In response to the National Association of Insurance Commissioners' (NAIC) Annuity Suitability Working Group's (Suitability WG) proposed revisions to the "Suitability and Best Interest Standard of Conduct in Annuity Transactions Model Regulation" (Model), 23 comment letters were submitted by regulators, consumer groups, industry groups, and companies (the Contenders). Several rounds of sparring are likely at the NAIC's Spring National Meeting in March, with the following points of contention:

Scope of Model: The first round will be a no holds barred fight over the appropriate scope of the Model. Regulators and consumer groups argue the Model should also cover life insurance products that are "marketed based on features ... virtually indistinguishable from the features of annuities." Industry jabbed back that any regulation needs to recognize life insurance and annuities are fundamentally different. The Contenders will also square-off on the activities to be covered by the Model. Industry only wants the Model to cover recommendations made at the point of sale, not solicitations, negotiations, and other product transactions (such as subsequent deposits) after a product is issued. Regulators and consumer groups counterpunched that the Model's scope is too narrow and should specifically cover recommendations and transactions under in-force policies.

What is Best Interest? In the second round, the Contenders will trade punches over the meaning of "Best Interest." Industry contends Best Interest does not require a recommendation of the: (i) least expensive annuity product, (ii) annuity product with the highest stated interest rate or income payout rate, or (ii) single "best" annuity product available in the marketplace at the time of the transaction. Consumer groups and regulators counterattacked that the Model should require a recommendation be "the best of the available options for the consumer, taking into account costs, performance, liquidity, and other relevant product features, as well as the customer's particular circumstances."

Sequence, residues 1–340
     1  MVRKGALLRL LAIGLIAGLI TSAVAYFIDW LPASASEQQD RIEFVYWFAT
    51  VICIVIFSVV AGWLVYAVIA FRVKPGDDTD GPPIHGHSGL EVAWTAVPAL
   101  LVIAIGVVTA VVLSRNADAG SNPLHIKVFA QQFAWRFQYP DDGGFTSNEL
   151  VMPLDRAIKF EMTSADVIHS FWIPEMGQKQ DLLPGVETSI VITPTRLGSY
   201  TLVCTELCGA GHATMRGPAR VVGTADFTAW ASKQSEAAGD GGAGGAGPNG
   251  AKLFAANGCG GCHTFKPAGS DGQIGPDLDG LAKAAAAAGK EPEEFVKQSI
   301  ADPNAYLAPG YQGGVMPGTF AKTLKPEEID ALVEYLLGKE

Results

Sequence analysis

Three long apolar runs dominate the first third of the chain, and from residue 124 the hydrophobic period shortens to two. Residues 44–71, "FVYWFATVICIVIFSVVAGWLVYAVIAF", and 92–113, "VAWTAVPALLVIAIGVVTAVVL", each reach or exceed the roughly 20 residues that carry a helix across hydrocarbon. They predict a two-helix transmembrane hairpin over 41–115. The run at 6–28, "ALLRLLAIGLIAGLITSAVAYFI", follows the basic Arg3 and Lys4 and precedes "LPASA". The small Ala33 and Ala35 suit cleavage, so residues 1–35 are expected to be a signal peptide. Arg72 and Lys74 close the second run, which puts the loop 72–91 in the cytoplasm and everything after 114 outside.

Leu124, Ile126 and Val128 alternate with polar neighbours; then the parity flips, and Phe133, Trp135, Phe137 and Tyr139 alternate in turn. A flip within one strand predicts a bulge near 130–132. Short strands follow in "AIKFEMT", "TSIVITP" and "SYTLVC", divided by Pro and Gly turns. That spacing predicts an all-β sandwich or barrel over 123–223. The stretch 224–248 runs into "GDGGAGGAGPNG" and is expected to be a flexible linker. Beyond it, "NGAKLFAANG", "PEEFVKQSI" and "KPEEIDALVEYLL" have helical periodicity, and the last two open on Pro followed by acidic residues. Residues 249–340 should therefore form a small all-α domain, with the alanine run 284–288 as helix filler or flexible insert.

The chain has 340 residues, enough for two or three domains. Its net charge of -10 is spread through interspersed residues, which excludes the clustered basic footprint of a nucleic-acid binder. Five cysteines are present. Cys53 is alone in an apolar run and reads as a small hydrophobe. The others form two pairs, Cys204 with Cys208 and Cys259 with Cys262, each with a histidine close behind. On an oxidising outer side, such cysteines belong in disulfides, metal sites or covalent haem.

Compensation Disclosure: The Contenders will also shadowbox on producer compensation disclosure. While all the Contenders agree the Model's requirement to disclose cash compensation above 3 percent and non-cash compensation above $100 is arbitrary, they disagree on the required disclosure. Industry asserts non-cash compensation disclosure should "be triggered only when the producer's receipt of the non-cash compensation is related to the producer's recommendation of the particular annuity." Regulators swung back, recommending disclosure of all non-cash compensation regardless of whether it is tied to a sale, including "bonuses, contests, special awards, differential compensation, and other incentives won or received as a result of having sold a threshold dollar amount of annuities."

On March 14, the sparring began during a Suitability WG call. After the call, Iowa Insurance Commissioner Doug Ommen proposed additional revisions to the Model for consideration.

Spectators at the NAIC Spring National Meeting will see the Contenders continue to duke it out to convince the Suitability WG of their positions and steer the development of the Model in their direction.

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